Home Books The Learning Leader Show with Ryan Hoke: 481: Eric Barker

The Learning Leader Show with Ryan Hoke: 481: Eric Barker

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Eric Barker is the author The Wall Street Journal the bestseller “A tree on that tree”, which sold more than half a million copies and was translated into 19 languages. It was even the subject of a question on “Risk!More than 500,000 people subscribe to his weekly newsletter. His work was illuminated The New York Times, The Atlantic, The Financial Times, and others. Eric is also a sought-after speaker, having presented at MIT, Yale University, Google, US Central Command (CENTCOM), and the Olympic Training Center. His latest book is called Playing Well With Others.

  • love – Casanova said: “love is three quarters of curiosity.” This curiosity creates deep knowledge… And it helps you build what researcher John Gottman calls a “love map.” “Everyone asks how you got together; no one asks how you stayed together. And it is the latter that is often the real achievement to be proud of.”
  • Yours World Health Organization: Take your health, for example. The Framingham Study found that alcohol consumption, smoking, and obesity are highly contagious. If someone you consider a friend is obese, you are 53% more likely to be obese. And if the friendship is mutual, the figure increases to 171%.
    • “Friends are only there because you want them to be.”
    • “Friends make us happier than any other relationship.”
  • How to build deeper relationships with friends?
    • Time
    • Be Vulnerable – “Relationships grow at the speed of vulnerability.”
  • How to improve relations with a partner?
    • Do interesting things together – be active
    • Use emotional contagion – associate feelings with events
    • Bill Perkins – Create a Memory Dividend.
    • You need to learn and grow together
  • John Gottman asks couples to tell their stories…
    • Those who stick together note the difficulties
  • Profiling – “People tend to see meaning when there is none.” There is a fundamental reason that astrologers outnumber astronomers. Emotionally, we want a sense of control over the world around us. We are in desperate need of peace to at least seem like it made sense. And for that we need a story, even if it is not true.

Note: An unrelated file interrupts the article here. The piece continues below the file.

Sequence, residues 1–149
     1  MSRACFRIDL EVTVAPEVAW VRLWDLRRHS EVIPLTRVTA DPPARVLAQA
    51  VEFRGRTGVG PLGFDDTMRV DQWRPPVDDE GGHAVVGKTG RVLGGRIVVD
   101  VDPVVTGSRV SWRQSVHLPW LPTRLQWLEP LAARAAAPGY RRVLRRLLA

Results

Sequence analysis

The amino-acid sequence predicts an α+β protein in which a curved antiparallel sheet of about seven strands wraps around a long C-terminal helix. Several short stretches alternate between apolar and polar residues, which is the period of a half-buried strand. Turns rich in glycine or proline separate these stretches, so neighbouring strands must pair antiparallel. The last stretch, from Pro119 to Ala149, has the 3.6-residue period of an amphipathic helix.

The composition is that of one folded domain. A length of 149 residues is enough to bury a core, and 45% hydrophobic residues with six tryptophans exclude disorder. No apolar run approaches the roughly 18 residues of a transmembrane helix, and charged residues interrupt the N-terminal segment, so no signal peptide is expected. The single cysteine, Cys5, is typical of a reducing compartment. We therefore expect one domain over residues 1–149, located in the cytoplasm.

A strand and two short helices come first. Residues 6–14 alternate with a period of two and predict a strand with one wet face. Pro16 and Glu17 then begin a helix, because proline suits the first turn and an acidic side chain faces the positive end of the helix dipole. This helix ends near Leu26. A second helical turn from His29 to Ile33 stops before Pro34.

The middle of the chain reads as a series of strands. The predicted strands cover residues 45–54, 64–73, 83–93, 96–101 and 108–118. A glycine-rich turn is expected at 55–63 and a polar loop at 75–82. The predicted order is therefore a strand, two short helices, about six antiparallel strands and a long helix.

• Confirm offset: what is this And what are 3 ways to counter this?
    • Feel responsible
    • Distance to the decision
    • Consider the opposite
  • A lie – How to recognize a liar? The average college student lies in about a third of their conversations. For adults, it’s 1 in 5. In online dating, 81% of profiles are fake. And we’re terrible at detecting lies, averaging a 54% success rate.
    • So how do we best understand when someone is lying? This system requires patience (so it’s not useful for small lies, but can be powerful for more serious problems). “Mainstream science has recommended a subtle and sophisticated method that humans have never tried to detect lies in the last 5,000 years: to be kind Never be a bad cop, be a good journalist. You have to make them like you. Open up. Talk a lot. And make a mistake that reveals deception. Don’t accuse. Be curious.
  • Optimism – Shawn Achor’s Ted Talk (so funny and fast). MET Life saw such great results among satisfied sellers that they tried an experiment: they started hiring people based on optimism. It found that the optimistic group outsold their more pessimistic counterparts by 19% in the first year and 57% in the second year.
  • “Writing a book is like telling a joke and waiting two years to find out if it was funny or not.” — ALAIN DE BOTON
  • Eric is writing to launch his new book… Henry Thomas Buckle once said: “Great minds discuss ideas; average minds discuss events; small minds discuss people.’ I’m here to discuss people.
  • Using the best available evidence—no platitudes or magical thinking—Eric examines multiple sides of the issue before reaching a verdict. What he’s discovered is surprising, mind-boggling, and timely—and will change the way you interact with the world and the people around you just when you need it most.
  • Life/Career Advice:
    • Define your personal definition of success
      • “You have to be able to say this enough.”

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